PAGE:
Love is in the Air: Bug Mating Rituals

Heart shape in a shrub

It’s February, a month of love. Come Valentine’s Day, when you’re showering your partner with affection, countless bugs around the country will be doing the same. Maybe they won’t be stepping out for a night on the town or buying their sweetie flowers or chocolates. But they sure will be showing love. That’s right. Bugs give love, too. And in this blog, in honor of Valentine’s Day, we’ll be discussing some surprising bug mating rituals.


Harvestmen, often called daddy long legs, are close relatives of spiders. In some species, the males give a “nuptial gift” of a dead bug to the females they are courting. If the female accepts the offer of food, then mating will commence. In tough times when food is scarce, the males may choose to produce a giant spitball instead. Better than nothing, right?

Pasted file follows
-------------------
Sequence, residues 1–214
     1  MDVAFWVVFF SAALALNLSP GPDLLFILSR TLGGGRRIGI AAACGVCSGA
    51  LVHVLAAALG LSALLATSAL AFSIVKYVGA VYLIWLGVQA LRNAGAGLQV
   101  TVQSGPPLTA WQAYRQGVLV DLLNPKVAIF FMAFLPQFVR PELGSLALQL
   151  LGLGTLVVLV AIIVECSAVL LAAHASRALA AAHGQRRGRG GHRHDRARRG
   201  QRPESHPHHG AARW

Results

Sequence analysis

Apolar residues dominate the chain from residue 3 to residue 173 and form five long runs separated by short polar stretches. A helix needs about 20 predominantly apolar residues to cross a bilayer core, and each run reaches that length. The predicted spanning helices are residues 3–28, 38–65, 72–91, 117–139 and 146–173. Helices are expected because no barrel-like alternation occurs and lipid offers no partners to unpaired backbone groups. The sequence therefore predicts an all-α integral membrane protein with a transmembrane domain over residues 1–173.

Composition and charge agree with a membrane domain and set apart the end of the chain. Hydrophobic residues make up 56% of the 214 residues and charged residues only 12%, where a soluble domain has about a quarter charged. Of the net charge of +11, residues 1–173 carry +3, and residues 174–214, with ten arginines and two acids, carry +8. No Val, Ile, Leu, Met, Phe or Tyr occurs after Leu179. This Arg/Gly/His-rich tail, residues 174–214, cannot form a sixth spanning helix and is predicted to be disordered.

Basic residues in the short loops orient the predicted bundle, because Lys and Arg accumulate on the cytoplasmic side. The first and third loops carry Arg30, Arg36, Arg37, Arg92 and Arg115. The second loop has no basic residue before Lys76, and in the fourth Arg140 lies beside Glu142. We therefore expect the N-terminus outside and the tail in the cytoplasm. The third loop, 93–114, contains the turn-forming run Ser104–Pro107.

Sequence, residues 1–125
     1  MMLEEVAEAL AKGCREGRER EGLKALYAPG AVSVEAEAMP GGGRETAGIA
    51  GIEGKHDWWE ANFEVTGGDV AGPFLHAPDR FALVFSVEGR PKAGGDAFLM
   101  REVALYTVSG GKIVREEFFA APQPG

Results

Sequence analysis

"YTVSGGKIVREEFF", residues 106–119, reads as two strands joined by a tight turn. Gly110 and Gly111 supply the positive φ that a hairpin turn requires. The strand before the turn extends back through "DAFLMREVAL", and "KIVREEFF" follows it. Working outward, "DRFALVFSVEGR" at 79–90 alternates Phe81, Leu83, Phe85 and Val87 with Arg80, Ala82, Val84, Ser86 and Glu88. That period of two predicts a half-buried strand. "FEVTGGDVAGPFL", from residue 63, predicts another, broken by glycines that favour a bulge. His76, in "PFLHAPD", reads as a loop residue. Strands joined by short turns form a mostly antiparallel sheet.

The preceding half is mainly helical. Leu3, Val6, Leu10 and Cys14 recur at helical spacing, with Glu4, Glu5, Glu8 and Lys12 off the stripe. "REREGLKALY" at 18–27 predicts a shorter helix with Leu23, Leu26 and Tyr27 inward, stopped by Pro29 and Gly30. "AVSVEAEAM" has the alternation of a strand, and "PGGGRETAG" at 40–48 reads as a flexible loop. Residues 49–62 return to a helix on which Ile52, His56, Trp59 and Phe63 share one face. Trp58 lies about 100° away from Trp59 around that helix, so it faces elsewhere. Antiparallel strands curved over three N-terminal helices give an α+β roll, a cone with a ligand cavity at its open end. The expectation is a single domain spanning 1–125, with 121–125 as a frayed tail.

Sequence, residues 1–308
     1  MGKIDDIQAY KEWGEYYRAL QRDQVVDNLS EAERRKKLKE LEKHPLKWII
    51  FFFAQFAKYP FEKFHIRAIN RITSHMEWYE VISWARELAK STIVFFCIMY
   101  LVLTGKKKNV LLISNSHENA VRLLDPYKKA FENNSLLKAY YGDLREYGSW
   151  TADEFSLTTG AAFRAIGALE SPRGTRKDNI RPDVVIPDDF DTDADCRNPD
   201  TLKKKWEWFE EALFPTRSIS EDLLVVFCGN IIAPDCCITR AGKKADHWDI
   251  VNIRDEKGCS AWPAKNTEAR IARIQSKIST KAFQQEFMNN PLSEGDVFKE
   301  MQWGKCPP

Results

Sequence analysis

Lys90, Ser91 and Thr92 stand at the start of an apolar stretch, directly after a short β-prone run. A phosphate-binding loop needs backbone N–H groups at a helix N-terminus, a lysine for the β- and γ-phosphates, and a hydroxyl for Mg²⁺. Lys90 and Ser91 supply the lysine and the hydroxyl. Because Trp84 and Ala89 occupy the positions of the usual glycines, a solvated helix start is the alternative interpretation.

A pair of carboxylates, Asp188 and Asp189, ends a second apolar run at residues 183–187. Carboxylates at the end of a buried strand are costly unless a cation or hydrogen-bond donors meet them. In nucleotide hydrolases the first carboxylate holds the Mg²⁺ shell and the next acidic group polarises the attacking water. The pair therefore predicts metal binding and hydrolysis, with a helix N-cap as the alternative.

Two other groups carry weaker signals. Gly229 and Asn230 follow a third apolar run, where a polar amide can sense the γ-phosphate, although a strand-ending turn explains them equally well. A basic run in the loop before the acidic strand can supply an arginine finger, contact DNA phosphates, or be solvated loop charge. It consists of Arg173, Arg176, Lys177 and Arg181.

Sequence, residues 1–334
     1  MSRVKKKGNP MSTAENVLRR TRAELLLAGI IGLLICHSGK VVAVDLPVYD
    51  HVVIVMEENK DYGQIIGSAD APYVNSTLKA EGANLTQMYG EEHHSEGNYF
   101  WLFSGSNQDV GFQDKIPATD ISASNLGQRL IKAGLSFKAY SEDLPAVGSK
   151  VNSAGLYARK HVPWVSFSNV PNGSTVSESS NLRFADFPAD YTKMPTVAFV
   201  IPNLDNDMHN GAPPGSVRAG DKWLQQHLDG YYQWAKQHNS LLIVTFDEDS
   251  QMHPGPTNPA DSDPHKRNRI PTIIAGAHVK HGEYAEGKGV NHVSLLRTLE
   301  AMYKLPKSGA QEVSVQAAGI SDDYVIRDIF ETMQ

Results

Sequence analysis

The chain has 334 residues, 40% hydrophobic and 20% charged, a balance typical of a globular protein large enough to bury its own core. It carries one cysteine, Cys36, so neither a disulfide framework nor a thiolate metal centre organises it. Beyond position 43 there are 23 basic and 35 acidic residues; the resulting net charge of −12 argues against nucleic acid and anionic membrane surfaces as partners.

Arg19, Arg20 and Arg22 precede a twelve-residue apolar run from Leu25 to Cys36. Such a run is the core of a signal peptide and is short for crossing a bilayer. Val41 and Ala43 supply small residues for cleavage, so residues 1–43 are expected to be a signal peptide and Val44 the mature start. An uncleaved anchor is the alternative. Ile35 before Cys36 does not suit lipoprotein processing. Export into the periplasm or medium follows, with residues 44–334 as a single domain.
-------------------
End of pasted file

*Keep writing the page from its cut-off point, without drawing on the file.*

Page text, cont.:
Bed Bugs

Male bed bugs don’t snuggle with their partners on Valentine’s Day; they perform traumatic insemination. When attempting to mate, the males of the species puncture the abdomen of females to directly inseminate her body cavity. Sometimes, unsuspecting male bed bugs are killed during the process. Cupid seems to have missed the mark with this species.

Kissing Bugs

Kissing bugs get their name from the human body parts they tend to be attracted to—faces and lips. That’s right, kissing bugs are known to give love bites to the faces and lips of humans while they lay sleeping. The bites serve as a blood meal that’s necessary for males to mate, and for females to lay eggs. Love bites!

Fire Ants

Male fire ants have a sole purpose: to mate with their queens. Unfortunately for the males, they meet their demise soon after their courtship. Females, on the other hand, thrive, living for up to seven years and laying more than 1,000 eggs each day.

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